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AG: Corey Haim was 'poster child for doctor shopping'

By Alan Duke, CNN
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STORY HIGHLIGHTS
  • Corey Haim obtained 553 drugs in last year of his life, AG says
  • Attorney General Jerry Brown calls Haim the 'poster child' for doctor-shopping
  • Coroner has not yet ruled on what killed Haim, 38, who died last month
  • Former child actor battled drug addiction for decades
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Los Angeles, California (CNN) -- Actor Corey Haim was the "poster child" for the problem of addicts "doctor shopping" for dangerous drugs, California's top law enforcement official said Tuesday.

Investigators found that the former child actor was supplied with prescriptions for five controlled substances by seven doctors in the last 10 weeks of his life, Attorney General Jerry Brown said.

"Corey Haim actually obtained 553 dangerous drugs in just this year, as late as five days before he died," Brown told reporters at a news conference in Los Angeles.

The drugs included Vicodin, Valium, Soma, Oxycontin and Xanax, Brown said.

The coroner has not yet ruled on what killed Haim, 38, who died last month after collapsing at the Los Angeles apartment he shared with his mother.

Toxicology lab results are expected to be available this month for Haim, who battled drug addiction for decades.

Haim visited several emergency rooms and urgent care clinics with complaints of an injured shoulder or depression issues, according to Sara Simpson, head of the state task force investigating doctor shopping.

Los Angeles County Deputy Coroner Ed Winter revealed last month that Haim obtained drugs using prescriptions written under the names of 20 Los Angeles doctors in the past year. The coroner subpoenaed medical records from those doctors.

Haim also obtained at least one prescription of Oxycontin through the use of an illegally obtained prescription pad, Brown said.

State agents arrested one person last month in connection with what Brown said was a massive drug ring that obtained and sold the counterfeit doctor's pads.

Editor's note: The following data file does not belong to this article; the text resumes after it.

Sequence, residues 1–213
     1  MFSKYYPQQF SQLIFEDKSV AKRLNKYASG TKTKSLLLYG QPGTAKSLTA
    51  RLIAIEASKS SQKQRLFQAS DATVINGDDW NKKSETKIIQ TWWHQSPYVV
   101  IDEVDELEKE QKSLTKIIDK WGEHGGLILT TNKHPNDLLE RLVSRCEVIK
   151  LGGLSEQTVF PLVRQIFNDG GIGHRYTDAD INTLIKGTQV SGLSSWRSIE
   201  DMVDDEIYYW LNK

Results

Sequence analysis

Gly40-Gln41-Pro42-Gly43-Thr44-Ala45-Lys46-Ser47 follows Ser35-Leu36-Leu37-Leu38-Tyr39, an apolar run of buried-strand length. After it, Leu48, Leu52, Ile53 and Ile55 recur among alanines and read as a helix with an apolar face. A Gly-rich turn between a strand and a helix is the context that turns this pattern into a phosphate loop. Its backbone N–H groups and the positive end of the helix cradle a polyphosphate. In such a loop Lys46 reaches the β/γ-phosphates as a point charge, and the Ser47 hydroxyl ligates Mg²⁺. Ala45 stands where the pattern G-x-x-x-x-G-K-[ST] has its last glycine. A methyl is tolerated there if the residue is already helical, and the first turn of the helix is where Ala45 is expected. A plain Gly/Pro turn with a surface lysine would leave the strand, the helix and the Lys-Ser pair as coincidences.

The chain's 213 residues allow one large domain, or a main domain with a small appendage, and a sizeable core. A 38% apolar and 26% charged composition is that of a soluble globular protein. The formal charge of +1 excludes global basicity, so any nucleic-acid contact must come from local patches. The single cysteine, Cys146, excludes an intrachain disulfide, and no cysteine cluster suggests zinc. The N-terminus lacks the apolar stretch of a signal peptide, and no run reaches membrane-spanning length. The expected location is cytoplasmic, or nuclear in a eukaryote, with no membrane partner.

Although Haim battled drug addiction for decades, his manager said his death came when Haim "was making major progress" with a program to wean him from pills.

Still, Haim sometimes threatened to find other doctors to prescribe him drugs when his primary physician wouldn't give him what he wanted, manager Mark Heaslip said Monday.

"I would be the only one who could talk him out of it," Heaslip said Monday night.

His doctor was providing pills only in one-day supplies in an effort to wean him, Heaslip said.

Haim's primary care doctor would constantly follow up with urgent care centers that he believed were writing prescriptions for Haim, Heaslip said. The doctor later gave the information to investigators, he said.

Simpson confirmed to CNN that Haim's doctor was helping investigators.

Haim had a prescription for the muscle relaxer Soma and the narcotic pain reliever Norco filled at a pharmacy February 26, a source with knowledge of the transaction told CNN. Two days after Haim picked up the drugs, his primary care doctor called the San Fernando Valley pharmacy to ask about the prescriptions, the source said.

An autopsy revealed that Haim suffered from pneumonia, an enlarged heart and water in his lungs when he collapsed March 10, Winter said.

Heaslip said he and Haim's family are convinced his death was not from a drug overdose, but was perhaps a bad reaction to a single pill he took in the hours before his death.

The pills, prescribed by an addiction specialist, came with a warning that they should not be taken by someone with a heart condition or flulike symptoms, both of which Haim had, Heaslip said.

"This kid was making major progress," Heaslip said.

His manager said that if Haim was cheating on his addiction program, he would probably not have admitted it to him since he would have dropped Haim as a client.

Haim began his acting career in 1982, with his first television appearance on the Canadian series "The Edison Twins." His first film role was in the 1984 American movie "First Born."

Haim also won rave reviews for his title role in the 1986 film "Lucas." Film critic Roger Ebert said of him at the time, "If he continues to act this well, he will never become a half-forgotten child star, but will continue to grow into an important actor."

His most famous role was in the 1987 movie "The Lost Boys," in which Haim played a fresh-faced teenager whose brother becomes a vampire.

In recent years, the actor was reunited with longtime friend and frequent co-star Corey Feldman in a reality show. "The Two Coreys" ran for two seasons on the A&E Network before it was canceled.

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